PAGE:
EricRepecThe answer is "It Depends" as you can imagine. Our team supports both technologies for the simple reason that there are use cases that work well with each of the tools. I would start with the following checklist. 1) Compatibility of subject technologies. 2) Ability to coexist with the current tools used and trusted by your staff. 3) Level of maturity of your staff. 4) Level of access / understanding of the monitored application. You should have a strategy for implementing any tool. Understand how it will be consumed by your staff and build well documented processes around the entire toolset. This will assure that the tool you select will be successful and fully utilized. Finally, most failed implementations stem from the fact that the tool is underfunded or under deployed. Make sure you dedicate staff and purchase licenses to cover the entire application. These tools depend on the fact that all tiers of the application are instrumented, any missing tier will greatly hinder the tools success and may delay or block the ROI that your management expects. Thanks Eric Repec
Rhea Rapps
Content Specialist
IT Central Station
Jun 26 2018
One of the most popular comparisons on IT Central Station is Dynatrace vs New Relic APM. One user says about Dynatrace, "Dashboards is one [of the best features], troubleshooting is another. I come from the monitoring perspective, so the ability to triage quickly is important, and the ability to alert and tell people where the problem is, that's what I really like about the product."  Another user says about New Relic APM, "The most important thing is that it tells us where the latency in throughput and response time are." In your experience, which is better and why?
Nikhil MishraBoth are good monitoring tools. But as many of the people posted above, Dynatrace gives you the exact drill down for the application(every api being hit), access both Browser and Server request, every third party/Dynamic request. Also, it also has a feature of providing waterfall for document loaded across the page for every framework ,including SPA(single page application) Page too. You would not find these many things in NEW RELIC and CPU, MEMORY & Throughput is common metrics in every monitoring tool, so do not judge on these counters. BOTTOM LINE :- Go for DYNATRACE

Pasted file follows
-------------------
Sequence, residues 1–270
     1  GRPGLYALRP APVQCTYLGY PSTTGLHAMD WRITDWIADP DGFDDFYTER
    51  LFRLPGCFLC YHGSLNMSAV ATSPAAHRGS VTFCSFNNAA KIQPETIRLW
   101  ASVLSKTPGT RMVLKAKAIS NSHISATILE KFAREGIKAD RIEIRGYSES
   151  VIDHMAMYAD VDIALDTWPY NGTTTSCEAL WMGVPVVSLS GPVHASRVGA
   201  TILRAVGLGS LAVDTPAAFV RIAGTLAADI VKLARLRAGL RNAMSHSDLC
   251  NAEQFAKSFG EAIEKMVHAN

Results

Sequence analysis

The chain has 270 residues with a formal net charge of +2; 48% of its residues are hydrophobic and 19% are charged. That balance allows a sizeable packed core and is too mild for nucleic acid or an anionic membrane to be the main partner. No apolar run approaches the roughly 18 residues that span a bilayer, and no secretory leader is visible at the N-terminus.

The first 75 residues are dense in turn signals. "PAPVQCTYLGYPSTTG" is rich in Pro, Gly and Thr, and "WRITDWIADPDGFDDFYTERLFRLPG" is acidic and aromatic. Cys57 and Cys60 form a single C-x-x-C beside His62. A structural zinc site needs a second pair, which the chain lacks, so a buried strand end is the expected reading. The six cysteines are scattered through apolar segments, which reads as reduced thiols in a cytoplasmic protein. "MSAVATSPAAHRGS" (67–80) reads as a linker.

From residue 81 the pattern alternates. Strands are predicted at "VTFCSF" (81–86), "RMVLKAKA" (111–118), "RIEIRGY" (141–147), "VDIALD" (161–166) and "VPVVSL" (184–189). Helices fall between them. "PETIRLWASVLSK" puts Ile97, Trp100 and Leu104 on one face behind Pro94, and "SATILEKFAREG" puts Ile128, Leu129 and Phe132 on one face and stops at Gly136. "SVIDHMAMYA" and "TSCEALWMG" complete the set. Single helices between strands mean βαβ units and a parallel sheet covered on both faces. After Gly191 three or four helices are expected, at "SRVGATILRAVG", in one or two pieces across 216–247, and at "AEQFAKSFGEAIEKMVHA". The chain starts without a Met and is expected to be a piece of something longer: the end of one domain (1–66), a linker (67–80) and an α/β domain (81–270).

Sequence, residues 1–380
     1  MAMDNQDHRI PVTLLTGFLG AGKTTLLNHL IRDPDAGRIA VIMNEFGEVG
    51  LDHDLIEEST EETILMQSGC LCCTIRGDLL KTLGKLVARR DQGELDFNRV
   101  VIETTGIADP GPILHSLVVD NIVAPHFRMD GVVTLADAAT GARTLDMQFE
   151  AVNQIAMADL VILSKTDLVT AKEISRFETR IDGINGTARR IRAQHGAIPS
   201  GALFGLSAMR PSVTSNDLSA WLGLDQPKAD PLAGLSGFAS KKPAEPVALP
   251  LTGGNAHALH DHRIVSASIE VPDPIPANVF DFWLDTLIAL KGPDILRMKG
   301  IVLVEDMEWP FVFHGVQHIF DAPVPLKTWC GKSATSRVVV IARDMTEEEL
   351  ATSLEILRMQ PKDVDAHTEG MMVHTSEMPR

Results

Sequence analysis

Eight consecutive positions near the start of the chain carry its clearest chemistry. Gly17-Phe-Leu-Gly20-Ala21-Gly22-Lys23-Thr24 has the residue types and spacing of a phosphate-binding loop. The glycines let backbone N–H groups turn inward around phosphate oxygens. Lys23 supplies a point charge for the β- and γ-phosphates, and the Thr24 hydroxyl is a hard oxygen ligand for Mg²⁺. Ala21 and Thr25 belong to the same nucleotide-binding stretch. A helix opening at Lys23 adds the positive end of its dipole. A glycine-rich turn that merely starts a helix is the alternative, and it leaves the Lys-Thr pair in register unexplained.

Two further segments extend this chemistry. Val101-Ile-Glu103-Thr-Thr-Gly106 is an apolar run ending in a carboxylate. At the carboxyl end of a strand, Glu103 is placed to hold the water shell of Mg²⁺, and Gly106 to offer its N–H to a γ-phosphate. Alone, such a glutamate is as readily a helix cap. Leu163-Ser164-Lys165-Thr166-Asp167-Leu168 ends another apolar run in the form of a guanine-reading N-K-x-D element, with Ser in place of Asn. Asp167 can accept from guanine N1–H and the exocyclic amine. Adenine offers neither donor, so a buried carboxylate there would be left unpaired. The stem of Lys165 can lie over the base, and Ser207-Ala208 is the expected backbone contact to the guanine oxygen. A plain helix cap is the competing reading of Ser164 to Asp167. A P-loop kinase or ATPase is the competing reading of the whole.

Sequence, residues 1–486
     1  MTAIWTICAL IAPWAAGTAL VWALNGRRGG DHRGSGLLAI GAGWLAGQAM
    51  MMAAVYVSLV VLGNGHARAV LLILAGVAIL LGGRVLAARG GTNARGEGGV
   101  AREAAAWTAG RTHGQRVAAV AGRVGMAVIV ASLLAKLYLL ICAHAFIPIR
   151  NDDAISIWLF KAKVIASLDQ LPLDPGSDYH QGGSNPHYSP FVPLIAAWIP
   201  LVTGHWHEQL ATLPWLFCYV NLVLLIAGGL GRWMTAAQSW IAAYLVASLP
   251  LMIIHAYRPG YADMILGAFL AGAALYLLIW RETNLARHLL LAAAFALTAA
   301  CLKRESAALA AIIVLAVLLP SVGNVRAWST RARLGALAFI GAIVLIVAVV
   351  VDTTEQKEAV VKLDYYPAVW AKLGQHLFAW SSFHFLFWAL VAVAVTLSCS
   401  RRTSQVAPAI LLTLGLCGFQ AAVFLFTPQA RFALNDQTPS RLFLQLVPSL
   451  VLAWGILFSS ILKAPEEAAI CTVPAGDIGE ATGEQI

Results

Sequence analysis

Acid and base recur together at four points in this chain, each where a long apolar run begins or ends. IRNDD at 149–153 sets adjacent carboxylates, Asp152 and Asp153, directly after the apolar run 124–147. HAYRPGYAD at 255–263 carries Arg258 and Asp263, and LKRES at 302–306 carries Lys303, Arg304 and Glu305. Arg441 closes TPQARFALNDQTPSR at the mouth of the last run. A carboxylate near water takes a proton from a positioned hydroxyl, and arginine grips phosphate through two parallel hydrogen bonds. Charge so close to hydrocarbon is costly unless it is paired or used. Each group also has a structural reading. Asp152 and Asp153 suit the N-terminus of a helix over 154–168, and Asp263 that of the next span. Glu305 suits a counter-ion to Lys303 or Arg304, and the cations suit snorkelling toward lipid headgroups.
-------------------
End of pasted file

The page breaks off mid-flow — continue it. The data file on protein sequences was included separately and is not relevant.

Sandeep KanchalwarI would recommend Dynatrace as it's the leader in the APM space and fulfills all what APM should deliver.
Kunal MattooI would any day go with Dynatrace. They have come up with Dynatrace SaaS which is one of the best tools used in the industry. This is way up over Dynatrace Appmon. SaaS is UI based. So that is the best part.
Rhea Rapps
Content Specialist
IT Central Station
Jun 21 2018
We all know that it's important to try out software as part of the buying process. Do you have any advice for the community about the best way to conduct a trial or POC? How do you conduct a trial effectively? Are there any mistakes to avoid?
Edward SuWe conducted a POC within our development/test environment where we ran a select set of UAT test cases manually after we had installed the APM solution. This so as to assure ourselves that the APM solution would not have any negative impact to our application’s functionality. I would have preferred to have run a complete regression test and would suggest that be done where possible and especially if the regression test suite has already been automated via an automated testing tool such as HPE UFT or Selenium. I would watch out for the ability to monitor and improve the performance of batch jobs as different APM solutions provide support for batch jobs to different degrees. Lastly, if you are selecting an APM solution for the enterprise, you might want to look into how the APM solution should integrate with the ITMS solution as well as any IPM (infrastructure performance monitoring) solutions and also whether it would be suited to monitoring the different technologies your applications are implemented upon.
Cedric MurphyBecause there are so many APM solutions available, you will need to do some preliminary research first. Consider your current APM solution that is in your environment. Review articles and evaluations such as those found in Gartner’s software evaluations. Make note of the good and bad of the tool being used now in your environment. From your preliminary research, narrow your perspective trial candidates to perhaps 5 possible solutions. Sign up for the trail offers and take advantage of the demos and WebEx’s that will engage the support and sales staff of the products. Typical you want to setup any downloaded software in a test or developer environment. If the trail is agentless, then you should have no problem. Consider the most problematic applications that you currently have in your current APM solution to be the ones to focus on in the trail or demo. Obviously there are a number of other things to consider i.e. firewall rules, authentication, security, etc., but I hope this post help to answer your question.